As I’ve delved deeper into the world of shochu, I’ve become increasingly interested in pairing shochu with foods. I first became aware of the differences when I began drinking sweet potato shochu with roasted meats and rice shochu with seafood. The shochu enhanced the food’s flavors and the oils in the foods changed the character of the shochu. Over time I’ve found that some foods pair amazingly well with shochu while others are a complete miss.
I’ve been wanting to write about this for a while, but hadn’t gotten around to it. Enter SakaMai, the Japanese gastropub devoted to amazing food and drink pairings. After having a successful sake and oyster tasting class, they approached me about a shochu and oyster pairing. I was skeptical that the raw, open water flavors of an oyster could be paired successfully with the earthy sweetness of a shochu. However, I began to make a mental list of shochus that might pair or contrast well with the briny, salty, and sometimes buttery oysters that I’d tried at various times. We got together with W&T Seafood who brought in 6 different oysters while I selected a dozen potential shochus.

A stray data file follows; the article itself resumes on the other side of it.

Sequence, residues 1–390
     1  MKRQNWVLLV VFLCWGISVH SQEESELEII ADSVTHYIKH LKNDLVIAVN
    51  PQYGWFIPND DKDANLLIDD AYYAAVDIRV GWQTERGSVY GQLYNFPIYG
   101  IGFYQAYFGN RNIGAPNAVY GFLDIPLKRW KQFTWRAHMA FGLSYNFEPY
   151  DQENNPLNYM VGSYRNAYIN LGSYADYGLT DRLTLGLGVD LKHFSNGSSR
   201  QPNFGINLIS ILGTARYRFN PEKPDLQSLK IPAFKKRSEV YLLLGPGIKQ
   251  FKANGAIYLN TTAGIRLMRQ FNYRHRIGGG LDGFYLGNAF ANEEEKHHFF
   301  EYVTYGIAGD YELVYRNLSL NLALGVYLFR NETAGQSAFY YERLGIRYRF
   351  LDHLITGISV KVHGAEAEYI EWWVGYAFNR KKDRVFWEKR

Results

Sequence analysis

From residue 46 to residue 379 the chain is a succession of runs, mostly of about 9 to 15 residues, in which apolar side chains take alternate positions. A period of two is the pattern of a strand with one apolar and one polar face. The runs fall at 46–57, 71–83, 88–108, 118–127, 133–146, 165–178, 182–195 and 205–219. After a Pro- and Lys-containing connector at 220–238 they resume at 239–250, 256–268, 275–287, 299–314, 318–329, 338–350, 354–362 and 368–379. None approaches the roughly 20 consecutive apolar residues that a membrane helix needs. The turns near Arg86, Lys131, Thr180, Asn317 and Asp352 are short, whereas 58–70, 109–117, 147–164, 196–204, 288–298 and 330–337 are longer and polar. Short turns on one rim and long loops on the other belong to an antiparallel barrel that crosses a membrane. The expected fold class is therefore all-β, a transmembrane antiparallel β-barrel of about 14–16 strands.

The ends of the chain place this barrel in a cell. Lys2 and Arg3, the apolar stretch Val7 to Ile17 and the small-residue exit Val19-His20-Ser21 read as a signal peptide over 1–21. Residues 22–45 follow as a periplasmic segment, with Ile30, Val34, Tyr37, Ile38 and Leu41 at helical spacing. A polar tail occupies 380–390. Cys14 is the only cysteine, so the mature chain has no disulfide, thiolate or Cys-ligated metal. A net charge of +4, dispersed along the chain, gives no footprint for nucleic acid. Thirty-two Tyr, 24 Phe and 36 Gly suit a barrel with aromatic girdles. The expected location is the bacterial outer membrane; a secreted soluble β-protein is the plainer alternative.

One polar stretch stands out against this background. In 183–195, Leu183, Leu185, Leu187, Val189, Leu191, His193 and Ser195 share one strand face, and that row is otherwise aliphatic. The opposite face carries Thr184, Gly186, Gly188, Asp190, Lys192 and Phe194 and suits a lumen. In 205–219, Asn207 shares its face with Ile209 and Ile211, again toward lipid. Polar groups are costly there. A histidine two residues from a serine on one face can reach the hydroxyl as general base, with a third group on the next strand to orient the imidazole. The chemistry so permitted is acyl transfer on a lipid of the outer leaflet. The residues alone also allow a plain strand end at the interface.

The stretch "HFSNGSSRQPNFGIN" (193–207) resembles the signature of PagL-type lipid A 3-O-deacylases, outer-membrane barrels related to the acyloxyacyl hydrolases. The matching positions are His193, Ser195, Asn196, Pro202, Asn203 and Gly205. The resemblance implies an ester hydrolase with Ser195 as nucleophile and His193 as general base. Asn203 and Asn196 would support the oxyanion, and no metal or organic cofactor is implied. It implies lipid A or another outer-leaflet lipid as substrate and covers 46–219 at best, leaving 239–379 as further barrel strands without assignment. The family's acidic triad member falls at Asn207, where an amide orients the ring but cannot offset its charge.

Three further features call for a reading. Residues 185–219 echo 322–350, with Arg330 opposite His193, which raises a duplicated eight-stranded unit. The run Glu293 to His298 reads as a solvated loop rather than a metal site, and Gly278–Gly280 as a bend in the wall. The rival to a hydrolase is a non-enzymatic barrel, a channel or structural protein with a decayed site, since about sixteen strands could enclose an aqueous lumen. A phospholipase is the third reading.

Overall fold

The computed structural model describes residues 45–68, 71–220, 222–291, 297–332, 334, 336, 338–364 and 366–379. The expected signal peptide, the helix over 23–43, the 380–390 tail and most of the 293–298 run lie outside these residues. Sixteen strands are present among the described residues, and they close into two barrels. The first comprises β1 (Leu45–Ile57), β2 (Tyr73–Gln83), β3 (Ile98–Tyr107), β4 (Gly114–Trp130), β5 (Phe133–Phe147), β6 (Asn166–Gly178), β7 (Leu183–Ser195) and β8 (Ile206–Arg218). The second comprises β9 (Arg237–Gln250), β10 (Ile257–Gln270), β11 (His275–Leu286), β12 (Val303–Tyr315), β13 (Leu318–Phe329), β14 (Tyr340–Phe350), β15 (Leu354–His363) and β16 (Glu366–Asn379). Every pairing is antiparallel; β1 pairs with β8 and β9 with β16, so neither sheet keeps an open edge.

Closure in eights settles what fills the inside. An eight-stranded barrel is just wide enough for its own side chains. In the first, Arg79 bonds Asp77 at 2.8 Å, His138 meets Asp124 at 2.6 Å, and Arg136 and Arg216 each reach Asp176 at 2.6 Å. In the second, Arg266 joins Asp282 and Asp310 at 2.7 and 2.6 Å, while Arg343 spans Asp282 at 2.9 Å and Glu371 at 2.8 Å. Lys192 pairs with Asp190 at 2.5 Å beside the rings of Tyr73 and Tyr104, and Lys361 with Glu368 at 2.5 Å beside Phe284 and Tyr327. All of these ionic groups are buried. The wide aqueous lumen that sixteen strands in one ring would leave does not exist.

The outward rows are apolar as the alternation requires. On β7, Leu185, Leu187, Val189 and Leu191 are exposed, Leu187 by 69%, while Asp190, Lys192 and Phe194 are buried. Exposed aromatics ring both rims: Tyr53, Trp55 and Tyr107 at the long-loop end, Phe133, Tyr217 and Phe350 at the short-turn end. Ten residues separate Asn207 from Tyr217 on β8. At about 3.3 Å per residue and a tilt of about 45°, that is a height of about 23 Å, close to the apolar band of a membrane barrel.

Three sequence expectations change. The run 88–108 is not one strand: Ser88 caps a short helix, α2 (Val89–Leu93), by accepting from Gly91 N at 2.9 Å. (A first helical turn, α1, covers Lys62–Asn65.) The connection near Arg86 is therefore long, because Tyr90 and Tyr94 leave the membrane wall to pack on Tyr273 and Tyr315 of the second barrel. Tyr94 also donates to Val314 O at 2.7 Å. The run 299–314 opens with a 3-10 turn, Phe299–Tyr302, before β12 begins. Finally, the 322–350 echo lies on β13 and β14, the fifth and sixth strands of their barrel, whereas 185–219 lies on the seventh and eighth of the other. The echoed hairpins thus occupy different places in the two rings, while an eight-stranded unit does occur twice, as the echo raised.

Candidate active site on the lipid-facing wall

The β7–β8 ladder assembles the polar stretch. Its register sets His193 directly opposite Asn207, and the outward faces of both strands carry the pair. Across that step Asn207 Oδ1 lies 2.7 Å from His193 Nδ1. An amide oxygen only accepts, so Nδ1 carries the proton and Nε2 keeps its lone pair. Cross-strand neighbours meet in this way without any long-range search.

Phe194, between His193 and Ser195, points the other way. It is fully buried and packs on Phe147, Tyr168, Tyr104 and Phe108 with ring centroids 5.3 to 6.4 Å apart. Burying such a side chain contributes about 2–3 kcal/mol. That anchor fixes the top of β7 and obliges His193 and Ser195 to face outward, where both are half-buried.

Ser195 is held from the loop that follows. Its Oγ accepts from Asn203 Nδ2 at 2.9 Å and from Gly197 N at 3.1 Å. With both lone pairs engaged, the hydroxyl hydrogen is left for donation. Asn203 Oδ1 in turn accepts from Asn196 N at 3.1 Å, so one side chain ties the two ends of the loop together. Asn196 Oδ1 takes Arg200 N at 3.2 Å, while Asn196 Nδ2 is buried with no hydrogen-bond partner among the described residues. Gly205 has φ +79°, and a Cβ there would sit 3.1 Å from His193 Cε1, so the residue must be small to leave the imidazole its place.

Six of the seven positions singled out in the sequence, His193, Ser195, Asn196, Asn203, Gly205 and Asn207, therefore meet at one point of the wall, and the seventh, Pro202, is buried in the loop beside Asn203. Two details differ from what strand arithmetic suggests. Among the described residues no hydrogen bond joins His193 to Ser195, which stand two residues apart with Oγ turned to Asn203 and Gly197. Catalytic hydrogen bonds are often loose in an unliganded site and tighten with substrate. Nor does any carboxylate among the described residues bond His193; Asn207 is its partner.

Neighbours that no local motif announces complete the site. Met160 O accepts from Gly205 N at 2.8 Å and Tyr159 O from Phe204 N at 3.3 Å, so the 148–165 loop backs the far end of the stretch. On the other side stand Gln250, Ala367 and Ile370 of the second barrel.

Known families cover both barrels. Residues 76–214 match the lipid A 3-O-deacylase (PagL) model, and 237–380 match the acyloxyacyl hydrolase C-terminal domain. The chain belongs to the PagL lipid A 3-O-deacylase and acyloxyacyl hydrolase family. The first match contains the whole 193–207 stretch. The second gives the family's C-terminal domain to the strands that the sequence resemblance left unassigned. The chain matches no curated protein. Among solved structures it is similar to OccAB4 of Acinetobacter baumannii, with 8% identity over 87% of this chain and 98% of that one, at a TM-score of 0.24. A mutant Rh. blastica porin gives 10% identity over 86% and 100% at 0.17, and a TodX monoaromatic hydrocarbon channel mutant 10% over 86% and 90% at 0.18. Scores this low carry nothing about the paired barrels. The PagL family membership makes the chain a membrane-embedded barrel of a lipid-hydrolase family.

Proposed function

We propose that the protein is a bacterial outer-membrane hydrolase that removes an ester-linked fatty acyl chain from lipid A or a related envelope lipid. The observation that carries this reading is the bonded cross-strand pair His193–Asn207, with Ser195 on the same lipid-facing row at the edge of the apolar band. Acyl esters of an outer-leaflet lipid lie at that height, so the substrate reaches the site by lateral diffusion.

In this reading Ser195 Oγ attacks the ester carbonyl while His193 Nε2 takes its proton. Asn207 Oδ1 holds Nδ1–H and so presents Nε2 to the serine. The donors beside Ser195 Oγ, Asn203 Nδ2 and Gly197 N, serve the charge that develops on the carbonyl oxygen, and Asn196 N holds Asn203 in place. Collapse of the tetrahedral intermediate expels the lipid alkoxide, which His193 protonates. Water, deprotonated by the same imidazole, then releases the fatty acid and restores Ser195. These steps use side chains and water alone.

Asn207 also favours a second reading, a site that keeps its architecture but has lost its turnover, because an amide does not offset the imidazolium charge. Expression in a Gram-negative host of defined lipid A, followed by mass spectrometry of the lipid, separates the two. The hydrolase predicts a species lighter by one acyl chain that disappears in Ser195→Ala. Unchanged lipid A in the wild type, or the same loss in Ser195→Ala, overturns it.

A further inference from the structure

The first thing I realized is that I know almost nothing about oysters. In my mind west coast oysters were smaller and east coast oysters were larger. That doesn’t even begin to touch the spectrum of the variety to be had in each species. Now I can confidently say that east coast oysters are saltier (but not necessarily larger) while west coast oysters are more buttery (but not necessarily smaller). Beyond that I’m going to need to do a lot more research.
The second thing I realized is that “pairing” a shochu with an oyster is not just a matter of finding a match (similar flavor profiles) , but also a matter of potentially finding a contrast (dissimilar flavor profiles). The fun thing about a contrast is that this is when the food and drink completely change the dining experience whereas a match simply enhances the experience. Turns out the contrasts are much more fun to discover.
And a final realization … some shochus do not go well with oysters at all. At all. You’d think a contrast might be any time you don’t have a match, but so many times the shochu completely missed the oyster or the oyster missed the shcohu (who is really to blame?). Usually the shochu is simply too strong for the oyster, completely killing the flavor rather than complimenting or contrasting. Occasionally the east coast oysters were too salty and briny for the shochu, which made those much more challenging to pair.
Stay tuned for an upcoming event or two around this delicious experiment.